Factors affecting hydrogen peroxide bleaching:
Table of Contents
The effects of hydrogen peroxide bleaching are as follows:
1. Effect of Temperature
2. Effect of Catalyst
3. Effect of stabilizer
4. Effect of Alkali
5. Effect of water
6. Effect of cotton impurities
1. Effect of Temperature:
The stability of hydrogen peroxide decreases with increasing temperature. Bleaching below 40°C by hydrogen peroxide takes a lot of time. Commercially, it is usually best to keep the temperature between 90°C to 100°C. However, one hour of bleaching can be done at 110°C with caution. But when bleaching is done on a machine with pressure, the temperature can be increased from 120°C to 130°C. However, this condition should not be kept for more than 20 minutes. Because cotton loses its strength and is severely damaged.
2. Factors affecting hydrogen peroxide bleaching-Effect of Catalyst:
Hydrogen peroxide destroys when various metals such as copper, zinc, chromium, etc., or metal oxides are used as influencers. Water used in bleaching may contain metals or metal oxides, which accelerate the rate of oxygen generation. The oxygen produced by this reaction has no bleaching ability, so stabilizers are used to stop oxygen generation.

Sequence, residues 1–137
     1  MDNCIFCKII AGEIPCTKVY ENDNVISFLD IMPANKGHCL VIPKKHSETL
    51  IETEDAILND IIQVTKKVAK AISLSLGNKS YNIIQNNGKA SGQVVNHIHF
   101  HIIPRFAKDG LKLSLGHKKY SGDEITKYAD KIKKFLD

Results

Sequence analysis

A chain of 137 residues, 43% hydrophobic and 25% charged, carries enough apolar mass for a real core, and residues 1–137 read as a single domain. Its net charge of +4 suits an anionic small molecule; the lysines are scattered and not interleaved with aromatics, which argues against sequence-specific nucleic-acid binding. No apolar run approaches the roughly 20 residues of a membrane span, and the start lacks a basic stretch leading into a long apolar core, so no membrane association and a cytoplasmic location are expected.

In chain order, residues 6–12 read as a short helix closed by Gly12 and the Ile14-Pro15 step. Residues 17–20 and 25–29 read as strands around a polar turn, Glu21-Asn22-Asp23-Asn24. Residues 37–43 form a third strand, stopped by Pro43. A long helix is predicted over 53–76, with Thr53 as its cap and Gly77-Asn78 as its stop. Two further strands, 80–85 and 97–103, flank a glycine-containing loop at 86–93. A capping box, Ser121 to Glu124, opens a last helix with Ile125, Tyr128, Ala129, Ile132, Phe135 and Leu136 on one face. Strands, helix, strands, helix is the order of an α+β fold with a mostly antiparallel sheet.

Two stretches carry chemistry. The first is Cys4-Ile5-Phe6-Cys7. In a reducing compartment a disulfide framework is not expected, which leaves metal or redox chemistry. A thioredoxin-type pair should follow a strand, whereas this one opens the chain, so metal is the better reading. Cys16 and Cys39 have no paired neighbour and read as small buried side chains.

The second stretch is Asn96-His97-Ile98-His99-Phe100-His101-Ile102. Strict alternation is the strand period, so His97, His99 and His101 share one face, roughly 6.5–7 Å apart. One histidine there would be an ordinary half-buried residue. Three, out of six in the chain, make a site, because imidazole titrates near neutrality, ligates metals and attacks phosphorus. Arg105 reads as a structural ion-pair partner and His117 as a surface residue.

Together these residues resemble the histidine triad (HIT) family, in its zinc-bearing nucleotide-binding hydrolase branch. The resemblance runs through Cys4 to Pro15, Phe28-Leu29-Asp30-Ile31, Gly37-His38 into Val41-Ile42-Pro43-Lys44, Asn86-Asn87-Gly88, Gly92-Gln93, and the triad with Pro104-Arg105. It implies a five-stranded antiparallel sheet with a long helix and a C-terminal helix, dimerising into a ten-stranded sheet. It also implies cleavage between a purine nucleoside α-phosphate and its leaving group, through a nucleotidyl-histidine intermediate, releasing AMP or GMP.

3. Factors affecting hydrogen peroxide bleaching-Effect of stabilizer:
Sodium silicate is used as a stabilizer to protect the bleaching energy from being wasted. Which stops oxygen generation in solution. It does not react with metals or metal oxides and combines with them to form a complex compound, which stops oxygen generation in the solution, meaning that the effector cannot destroy hydrogen peroxide and bleaches properly. It is also used to maintain the pH of the solution.
Below are some examples of stabilizers.
(i) Sodium silicate
(ii) Soya bean protein
(iii) Tri-sodium phosphate
(v) Cotton impurities
(vi) Gelatin etc.
4. Effect of Alkali:
Hydrogen peroxide in acid solutions may not bleach well on cellulose fibers. This is because the release of per hydroxyl ions is very slow. Again, using more alkali breaks down hydrogen peroxide and releases oxygen. So in an alkaline environment hydrogen peroxide acts as an effective bleaching agent. Here the pH of the solution is kept from 9.5 to 10.2.
5. Effect of water:
Some amount of magnesium salt is required for sodium silicate (stabilizer) to act in the bleaching solution. So it is better to use 20 to 60 gallons of water. If mild water is used, 0.1 to 0.2 grams of magnesium sulfate is added.
6. Effect of cotton impurities:
The impurities in cotton help to increase the stability of hydrogen peroxide. As a result hydrogen peroxide is not broken down and bleaching is good. Here impurity acts as a stabilizer. So if there are not many impurities in the cotton, it is better to do scouring. And if scouring is too much, low-density alkali can be used. Or scouring bleaching can be done at the same time.